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Jewish-Iranian refugee who fled the Middle East for the U.S. is now running for Congress and she c
Anna Monahemi Kaplan, a Jewish-Iranian refugee who has lived in America for nearly 40 years, will make history if she secures the Democratic nomination and proceeds to win the battle for New York's third congressional seat in November. - photo by Billy Hallowell
Anna Monahemi Kaplan, a Jewish-Iranian refugee who has lived in America for nearly 40 years, will make history if she secures the Democratic nomination and proceeds to win the battle for New York's third congressional seat in November.

If that happens, Kaplan, a Democrat, will become the first-ever Iranian-American elected to Congress a possibility that has attracted a fair amount of media attention in recent months.

Kaplan currently serves as a council member for the town of North Hempstead in Long Island, New York, and is running for a seat that is set to be vacated by Rep. Steve Israel, who is also a Democrat.

Citizens will vote in the primary on Tuesday, with Kaplan among five Democratic candidates aiming to secure the nomination, according to the Forward.

But it is Kaplan's personal background that is drawing attention to her candidacy, as her biography notes that she left Iran as a 13-year-old child to "escape revolution and the threat of persecution."

Briefly detailing some of her experience, the text goes on to note that Kaplan initially lived separated from her family in Chicago and New York after arriving in the U.S.; she was later reunited with her parents and brothers.

The politician attended the Stern College for Women and the Benjamin Cardozo School of Law and became a U.S. citizen in 1995; she was later elected to the town council in 2011 and won re-election in 2015.

As a refugee who attended school and built a life and family in America, Kaplan proclaims in her official campaign biography that she is immensely grateful for the opportunities that she was afforded in the U.S., juxtaposing the American experience to that of her childhood in Iran.

"Persian Jews stayed out of politics in Iran. My parents and community were afraid of being noticed they were a small, vulnerable minority in a conservative part of a conservative country," she explained. "But here in the United States, we have been given so much opportunity and I am so grateful to this country for opening its arms that Ive had to give back."

While buzz is surrounding the potential historic nature of her congressional candidacy, she already became "the first Iranian-American to be elected to municipal office in New York State," with her 2011 win leading Lifetime TV to profile her as part of its "Remarkable Women" campaign.

The Public Affairs Alliance of Iranian Americans (PAAIA), an umbrella group that serves as a voice for Iranian Americans, released a January 2016 statement noting that a potential congressional win for Kaplan would also be historic.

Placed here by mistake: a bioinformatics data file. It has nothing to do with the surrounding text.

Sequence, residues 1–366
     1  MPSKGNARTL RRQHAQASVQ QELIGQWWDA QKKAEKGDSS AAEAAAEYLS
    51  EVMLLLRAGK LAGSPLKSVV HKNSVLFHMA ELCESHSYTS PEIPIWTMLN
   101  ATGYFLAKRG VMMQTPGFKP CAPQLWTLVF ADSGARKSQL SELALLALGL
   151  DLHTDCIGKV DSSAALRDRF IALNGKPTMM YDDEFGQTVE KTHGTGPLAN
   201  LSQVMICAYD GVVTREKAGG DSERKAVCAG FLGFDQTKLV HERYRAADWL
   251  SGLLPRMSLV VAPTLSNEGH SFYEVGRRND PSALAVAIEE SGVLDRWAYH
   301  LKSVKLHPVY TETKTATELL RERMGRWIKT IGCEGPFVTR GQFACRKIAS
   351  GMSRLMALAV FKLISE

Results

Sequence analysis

Kaplan has praised the diversity that she sees in her Long Island community, heralding it in an announcement earlier this year about her candidacy.

"I am running for Congress because that is the position where I believe I can be the most effective advocate for the issues that matter to Long Island and Queens families," she said in an email, according to PAAIA. "We are blessed to be living here. What makes our community so wonderful is the fact that its so diverse. This is what America is all about."

She continued, "This is the foundation on (which) America was built on, people coming from all over and bringing all their assets and attributes and sharing them with everyone."

Kaplan's noteworthy congressional fight comes as the Middle Eastern refugee crisis has become a common theme in U.S. presidential campaign rhetoric. Republican candidate Donald Trump has repeatedly warned about threats that he believes are inherent. The presidential contender even told a crowd last September that he would send Syrian refugees back if elected president.

"I'm putting the people on notice that are coming from here from Syria as part of this migration," he said during a rally at the time. "If I win, they're going back."

He has repeatedly called for restrictions on Muslim individuals and families immigrating to the U.S., expressing fears earlier this month that allowing too many people from Middle Eastern countries could be a "Trojan horse" of sorts.

Kaplan has taken aim at some of Trump's rhetoric, releasing a campaign video accusing the businessman's supporters of launching "a sustained campaign to intimidate" her into silence.

"I'm no longer a teenager. This time I will not run," she said of her electoral efforts. "The stakes are too high."

As the debate over immigration forges on, some individuals are taking extra effort to try to show the value that refugees have had on American society and culture.

As the Deseret News previously reported, Lidiya Yankovskaya launched the Refugee Orchestra Project last year, an effort that uses music "to demonstrate the vitally important role that refugees from across the globe have played in (America's) culture and society."

Yankovskaya, whose family is Jewish, told Newsweek about her own personal experience growing up in Russia in the 1990s before her family fled to the U.S. and later settled near Albany, New York.

"I remember passing by a major square in the middle of the city where fascists would fly large swastika flags and hand out pamphlets that said Kill all the Jews on them," she said of her experience in her native land. "Russia, in general, at the time was in economic and political turmoil, so there was a lot of hardship overall."

Read more about what she's doing to try to make a difference.
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